July 29, 2022 — This week, the Federal Energy Regulatory Commission (FERC) issued two decisions that water interests in the Eel and Russian River watersheds have been waiting on for months. On Wednesday, the Commission approved a drastic reduction in the flow of water through the Potter Valley hydropower project into the East Branch of the Russian River. As of 2:00 yesterday afternoon, the water coming out of Lake Pillsbury started to be reduced from 75 cubic feet per second to five cfs. The Potter Valley Irrigation District will continue to receive up to 50 cfs on demand. PG&E still owns the project, though it recently submitted a 30-month schedule for decommissioning, which FERC approved. PG&E argued that it needed to reduce the flow in order to preserve the infrastructure at Lake Pillsbury, as well as cold water pools at the bottom of the reservoir for fish habitat. The National Marine Fisheries Service (NMFS), declared that if the water levels in the lake went down below 30,000 acre feet, the water would get too hot for juvenile salmonids. Though there is no fish ladder at Scott Dam, which impounds Lake Pillsbury, there is a needle valve at the bottom of the dam. The valve releases water into the 12-mile section of the Eel River between Lake Pillsbury and the van Arsdale Reservoir, near the diversion tunnel that directs the water into the Russian River. Charlie Schneider is the coordinator with the Salmon and Steelhead Coalition, a partnership among Trout Unlimited, California Trout, and the Nature Conservancy. He said early models indicated that, in order to preserve the cold water pools, the variance should have been implemented by July 15. “We're glad the variance was finally approved, but I think we need to better understand and look at those models to really see what's going to happen later this summer,” he said; “to see if it is in fact too late.” He added that conservationists are interested in preserving the 30,000 acre-feet of storage in Lake Pillsbury because in “big, deep reservoirs, the water stratifies, and the water in bottom part of the dam is cooler than the water at the top…the more water you're able to retain in there, the more cold water there is in the bottom of the lake. And that's the water that gets released from the low-level outlet. So it's really about preserving water temperature in that 12-mile reach between Scott and Cape Horn dams, making sure that water's a cool enough temperature to be habitable for salmonids.” Elizabeth Salomone, General Manager of the Mendocino County Russian River Flood Control and Water Conservation Improvement District, expects drastic changes for human water users on the other side of the diversion tunnel. “It's unusual for curtailments to cut into what we call the pre-1914 grouping,” she noted. “We do expect the curtailments to cut back into that pre-1914 category. But we won't know for sure until the State Water Board issues their findings and curtailment notices.” Salomone expects the state will allow Upper Russian River water users enough water to meet human health and safety needs, which is 55 gallons per person per day. Some urban water suppliers have other sources, including groundwater or recycled water. And some farmers as well as urban centers have contracts to divert stored water from Lake Mendocino. “So not everyone will go completely without water,” she concluded. The Commission also delivered an ambiguous opinion refuting the claims of environmental groups that the Commission has the authority to amend the Potter Valley Project's new annual license to include more protection measures for wildlife. The license for the Project expired on April 14. Within days, a group of conservationists and fishermen filed a 60-day notice of intent to sue PG&E under the Endangered Species Act. At the time, Redgie Collins, the Legal and Policy Director for California Trout, one of the coalition threatening the lawsuit, said that with the expiration of the license, PG&E “can no longer harm, harass, directly kill or injure salmon or steelhead at their project site.” The group wanted a new round of improved mitigation measures, arguing that the Commission had discretion over whether or not it granted the annual license. The Commission rejected that argument, saying that it was required to issue an annual license after the old one expired. And, while it also denied the coalition's call for an Endangered Species Act consultation, it did consult with NMFS to require PG&E to monitor water in parts of the Eel River and Lake Pillsbury. The utility must pay for two state programs to monitor salmon on the mainstem and middle fork of the Eel River for a period of time. It's also required to continue collecting data on water quality in Lake Pillsbury and provide that data to NMFS, the California Department of Fish and Wildlife, U.S. Fish and Wildlife, and the Round Valley Indian Tribes. These are the four entities that PG&E consulted before making its request for the reduction. The Commission also disagreed with a slew of comments by Russian River water users complaining that PG&E was required to consult a drought working group composed of a wide array of stakeholders before requesting such a drastic change in the flows. The Commission wrote that “Establishment of and consultation with the Drought Working Group is not a license requirement; however the Commission encourages licensees to consult with stakeholders and to consider their interests when developing plans for Commission approval.” However, the Commission is now requiring PG&E to consult with the drought working group as it implements the reduction. Theoretically, the flows could be increased to 25 cfs. But the final decision will be left up to the four entities that supported the reduction to 5 cfs. Commissioner James Danly concurred with the Commission's decisions, but asked if it was fair to require ratepayers to finance the studies. Schneider thinks the solution is simple.“You know, he's sort of complaining about new operational measures while PG&E is no longer seeking to operate the project,” he reflected. “But the way to solve that is to get your facilities out of the river. Right? To get your dams out of the river, and then there won't be operational measures for you to need to comply with. He's sort of arguing like, oh, you guys should just let PG&E kill fish while they're decommissioning this project. You shouldn't worry about it. But we actually care about fish every year. Over the next couple of years while they're decommissioning this project, we want to make sure these fish are in good shape.” Danly wrote that he thinks “the Commission should ask the following: is it “reasonable” to require Pacific Gas and Electric (PG&E) — that is, California ratepayers — to pay to comply with new operational measures that are not required by law for a project that PG&E no longer seeks to operate? One must also bear in mind that compliance typically does not immediately follow an order's issuance. Orders requiring compliance frequently entail compliance plans which can take years to develop, review, and approve.” But Schneider called out the commissioner by name. “You're the people that can tell them to do it faster, FERC. Danly,” he exclaimed. “They take years. It's like, yeah, because you let them take years!” Cooperation in the allocation of water rights, often referred to as the California water wars, is rare. But on July 1, the state approved a first-of-its kind voluntary program in the upper Russian River, where senior water rights holders agreed to share their water with juniors. That program is contingent on project water that won't be available under the reduced flows, but Salomone remains optimistic. “About half of the water that's represented in water rights in the Upper Russian River signed up for the program,” she reported. “That's significant. That is a fantastic result for a pilot project. So what will happen now is that the program will essentially go on pause. It won't be canceled, it will just be on pause. It continues to be a participation tool. All of the participants will receive information on their water allocation, for which most of them, it will now go to zero. But as soon as conditions change, let's say we get a nice big rainstorm in October, or maybe even September, then the participants will be notified and their water allocation will go up as appropriate. So I am really proud of our Upper Russian River folks. This was a grassroots stakeholder-built program that took about two years to put together. And we are sticking with it, even if we have to hit the pause button. We're going to use it as a permanent tool in our toolbox, I hope.”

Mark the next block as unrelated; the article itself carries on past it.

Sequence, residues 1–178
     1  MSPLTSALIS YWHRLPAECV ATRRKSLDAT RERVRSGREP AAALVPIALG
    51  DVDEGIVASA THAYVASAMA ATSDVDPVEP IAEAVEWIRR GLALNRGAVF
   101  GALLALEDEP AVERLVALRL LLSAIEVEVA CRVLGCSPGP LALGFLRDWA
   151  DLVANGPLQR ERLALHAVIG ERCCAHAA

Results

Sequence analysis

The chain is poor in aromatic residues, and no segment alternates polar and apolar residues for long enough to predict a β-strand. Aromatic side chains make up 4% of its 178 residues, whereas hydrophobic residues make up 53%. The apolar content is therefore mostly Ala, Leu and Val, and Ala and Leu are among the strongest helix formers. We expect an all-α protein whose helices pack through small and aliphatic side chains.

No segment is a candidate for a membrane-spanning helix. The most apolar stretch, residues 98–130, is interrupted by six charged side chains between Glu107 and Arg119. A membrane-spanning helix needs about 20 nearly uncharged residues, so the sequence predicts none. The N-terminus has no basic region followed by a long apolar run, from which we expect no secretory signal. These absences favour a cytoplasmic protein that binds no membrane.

The POWER Podcast